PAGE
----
islands in the Fraser River. The larger channels are lined
with house boats and fish packing plants. The smaller
channels look like great kayaking day trips.
Scott parked the boat, killed the crabs and we were on our way
back home. Thanks for a great evening Scott!
Nara's Birthday Party
This year we booked Nara's birthday at The
Adventure Zone in the Kids Market at Granville Island. The
Adventure Zone has a multi-story playground with attached party
rooms for snacks and cake. For the most part, the kids know
what to do - most have been before or have a sibling inside and
they just copy. Our booking was 10am until noon - the Kids
Market also opens at 10am so it's basically door open, start
playing! We walked down and were a few minutes early so we
started playing at the outdoor playground so Nara was warmed up
before the formal event.
The party was broken into three parts - play at the playground,
get some cake, juice and vegetables, play some more. The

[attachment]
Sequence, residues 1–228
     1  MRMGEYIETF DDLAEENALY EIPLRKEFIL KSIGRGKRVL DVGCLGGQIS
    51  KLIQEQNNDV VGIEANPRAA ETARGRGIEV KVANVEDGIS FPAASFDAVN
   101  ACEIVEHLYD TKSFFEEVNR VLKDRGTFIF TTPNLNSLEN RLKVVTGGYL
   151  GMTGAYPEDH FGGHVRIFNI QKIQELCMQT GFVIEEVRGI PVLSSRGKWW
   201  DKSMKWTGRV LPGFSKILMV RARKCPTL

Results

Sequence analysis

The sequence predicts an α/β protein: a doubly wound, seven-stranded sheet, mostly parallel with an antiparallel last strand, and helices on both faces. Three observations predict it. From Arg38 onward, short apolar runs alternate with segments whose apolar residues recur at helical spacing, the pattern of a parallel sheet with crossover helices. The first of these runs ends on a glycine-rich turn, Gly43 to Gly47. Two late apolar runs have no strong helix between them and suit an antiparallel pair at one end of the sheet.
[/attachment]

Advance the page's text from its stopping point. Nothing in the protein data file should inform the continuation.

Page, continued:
kids seemed fine with this format.
Nara has just turned six and a lot of her peers are "drop off
kids" - the parents go shopping for an hour or two while the kid
are okay. Taking care of 16 kids is a bit of an ask - we
actually lost one. Not really lost - when we gathered up the
kids to have snack and cupcakes, we forgot one kid in the
playground. The playground is mildly supervised (staff at
the gate) so she could have asked to come out, but never
did. We only figured it out in the second play period.
With more than a dozen kids, the kids seemed to find partners and
play together on various missions. A favorite was to take
the balls from the ball pit to the top of the slide.
Thanks everyone for joining us!
Tags: cherry blossoms(7), Iona Beach Regional Park(7), nest(6), Vancouver(6), Finn Slough(5), Queen Elizabeth Park(4)
People: Nara(6), Claira(6), Abby(2), Eric(1), Haley(1), Marcus(1)
From: John Harvey Photo > Blogs for 2023 to 2005 > April 2016
Last Modified Saturday, January 28th, 2023 at 23:16:23 Edit